Vietnam and Thailand have repeatedly sought to form a rice cartel to influence rice prices, but such an initiative faces ethical, political and practical hurdles. A rice consortium pursuing multiple objectives offers a better option for developing the rice sector and supporting rice farmers.
Last September, Thai Agriculture and Cooperatives Minister Chalermchai Sri-on hinted at Thailand and Vietnam joining forces to “raise global rice prices”, which would be equivalent to forming a rice cartel. However, his Vietnamese counterparts quickly issued a denial, insisting that no such agreement existed and that Vietnam always “respects market principles and is responsible to global food security”. With global rice prices reaching the highest level in a decade as a result of rice juggernaut India’s recent export restriction, the discourse around a potential rice cartel between the second and third largest rice exporters has reemerged.
The rice cartel concept is not novel. It goes as far back as 2002 when Thailand aimed to establish the Council on Rice Trade Cooperation (CRTC) with Vietnam, India, Pakistan, and China. During the 2008 food crisis, Thailand also proposed forming a rice cartel with four other Mekong countries, namely Vietnam, Laos, Cambodia, and Myanmar. However, the idea was not realised on both occasions because of public backlash and the lack of interest from rice exporters except Thailand and Vietnam.
The revived cartel proposition will confront familiar challenges. Rice plays a pivotal role in maintaining global food security, and it is seen as ethically questionable to artificially hike its price. Second, the idea is difficult to implement as Vietnam and Thailand hold only around 10.4 per cent and 12.3 per cent of the global export market, respectively. To build up enough market power, it is believed that they need to involve the top rice exporter, India, which accounts for 40 per cent of global rice trade, or to entice other regional exporters such as Cambodia and Myanmar to join the cartel. This proves challenging as rice exporters, including Thailand and Vietnam, are also competitors who often engage in a race to the bottom for markets when demand is low. Furthermore, since it is harder to store rice in the way crude oil is stored, a potential rice cartel wouldn’t easily sway the market like OPEC does with oil.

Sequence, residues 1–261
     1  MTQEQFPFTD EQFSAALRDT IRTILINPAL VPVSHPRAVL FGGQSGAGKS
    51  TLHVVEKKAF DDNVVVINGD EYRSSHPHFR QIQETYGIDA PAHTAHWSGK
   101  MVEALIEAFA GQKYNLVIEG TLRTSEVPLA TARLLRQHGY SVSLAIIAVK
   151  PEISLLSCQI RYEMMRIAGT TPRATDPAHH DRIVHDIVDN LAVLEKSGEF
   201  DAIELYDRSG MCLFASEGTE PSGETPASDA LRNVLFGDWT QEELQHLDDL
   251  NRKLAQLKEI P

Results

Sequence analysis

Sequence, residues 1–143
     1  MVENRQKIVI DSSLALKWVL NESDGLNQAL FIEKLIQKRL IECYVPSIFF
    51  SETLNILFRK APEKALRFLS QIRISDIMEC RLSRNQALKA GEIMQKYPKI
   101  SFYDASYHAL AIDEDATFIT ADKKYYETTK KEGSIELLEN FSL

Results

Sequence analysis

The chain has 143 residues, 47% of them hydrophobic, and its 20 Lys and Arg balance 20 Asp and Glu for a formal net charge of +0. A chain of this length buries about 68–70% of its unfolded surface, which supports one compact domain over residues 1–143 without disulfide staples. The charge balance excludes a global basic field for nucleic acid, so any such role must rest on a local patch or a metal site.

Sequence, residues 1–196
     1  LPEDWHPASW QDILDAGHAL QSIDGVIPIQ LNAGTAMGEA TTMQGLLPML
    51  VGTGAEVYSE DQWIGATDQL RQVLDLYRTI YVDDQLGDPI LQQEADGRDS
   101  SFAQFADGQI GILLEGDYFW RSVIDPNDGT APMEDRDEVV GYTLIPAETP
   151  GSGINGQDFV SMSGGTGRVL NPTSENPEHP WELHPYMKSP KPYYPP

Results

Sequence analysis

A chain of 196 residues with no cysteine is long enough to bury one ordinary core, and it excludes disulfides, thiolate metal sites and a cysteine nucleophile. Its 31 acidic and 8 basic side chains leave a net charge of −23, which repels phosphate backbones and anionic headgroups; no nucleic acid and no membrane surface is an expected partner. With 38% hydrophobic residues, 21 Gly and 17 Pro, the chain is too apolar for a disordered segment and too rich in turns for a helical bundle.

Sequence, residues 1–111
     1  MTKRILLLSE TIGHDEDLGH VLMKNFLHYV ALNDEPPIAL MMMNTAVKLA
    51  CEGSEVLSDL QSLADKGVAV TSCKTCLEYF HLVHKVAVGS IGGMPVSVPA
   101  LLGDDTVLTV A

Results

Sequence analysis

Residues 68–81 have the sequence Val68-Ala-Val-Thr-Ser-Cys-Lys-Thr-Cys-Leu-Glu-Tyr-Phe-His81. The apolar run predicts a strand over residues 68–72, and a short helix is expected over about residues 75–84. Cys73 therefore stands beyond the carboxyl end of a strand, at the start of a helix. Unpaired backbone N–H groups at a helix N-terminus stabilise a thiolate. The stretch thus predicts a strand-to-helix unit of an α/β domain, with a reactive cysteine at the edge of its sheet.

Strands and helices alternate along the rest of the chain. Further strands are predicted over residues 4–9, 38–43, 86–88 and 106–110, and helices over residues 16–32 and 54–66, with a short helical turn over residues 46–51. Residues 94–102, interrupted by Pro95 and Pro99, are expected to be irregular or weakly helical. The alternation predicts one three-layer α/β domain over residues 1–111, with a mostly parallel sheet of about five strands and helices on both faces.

However, creating a consortium of rice-exporting nations might offer benefits. First, while critics worry about a supply monopoly, major rice importers like China and the Philippines have occasionally acted as what economists term “oligopsony”, a group of buyers leveraging market power to drive down prices, sometimes even below the break-even point for rice production. Without enhanced collaboration, it is hard for exporters like Vietnam and Thailand to ensure consistent and fair prices for their rice. In 2022, both countries noted that production costs had doubled without a commensurate price rise. Ultimately, farmers bear the brunt of price volatility. Vietnamese farmers earn an average of around US$160 per month, while half of the farming households in Vietnam’s Mekong Delta possess less than 0.5 hectares of cultivable land. This contrasts sharply with the media’s portrayal of “large-scale rice farmers” who would greatly benefit from a rice cartel.